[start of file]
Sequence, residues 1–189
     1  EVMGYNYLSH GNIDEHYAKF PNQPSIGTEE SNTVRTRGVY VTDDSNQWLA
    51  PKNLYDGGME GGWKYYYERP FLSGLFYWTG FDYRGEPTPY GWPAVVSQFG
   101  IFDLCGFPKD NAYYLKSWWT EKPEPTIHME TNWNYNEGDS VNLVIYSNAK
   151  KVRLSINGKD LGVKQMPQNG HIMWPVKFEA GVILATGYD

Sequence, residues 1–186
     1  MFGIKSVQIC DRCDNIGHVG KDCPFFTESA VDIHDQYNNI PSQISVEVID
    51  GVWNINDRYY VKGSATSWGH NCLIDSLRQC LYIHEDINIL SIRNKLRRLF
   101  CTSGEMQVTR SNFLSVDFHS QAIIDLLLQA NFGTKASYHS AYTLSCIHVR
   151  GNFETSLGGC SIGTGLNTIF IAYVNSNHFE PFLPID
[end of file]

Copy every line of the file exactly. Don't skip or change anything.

Sequence, residues 1–189
     1  EVMGYNYLSH GNIDEHYAKF PNQPSIGTEE SNTVRTRGVY VTDDSNQWLA
    51  PKNLYDGGME GGWKYYYERP FLSGLFYWTG FDYRGEPTPY GWPAVVSQFG
   101  IFDLCGFPKD NAYYLKSWWT EKPEPTIHME TNWNYNEGDS VNLVIYSNAK
   151  KVRLSINGKD LGVKQMPQNG HIMWPVKFEA GVILATGYD

Sequence, residues 1–186
     1  MFGIKSVQIC DRCDNIGHVG KDCPFFTESA VDIHDQYNNI PSQISVEVID
    51  GVWNINDRYY VKGSATSWGH NCLIDSLRQC LYIHEDINIL SIRNKLRRLF
   101  CTSGEMQVTR SNFLSVDFHS QAIIDLLLQA NFGTKASYHS AYTLSCIHVR
   151  GNFETSLGGC SIGTGLNTIF IAYVNSNHFE PFLPID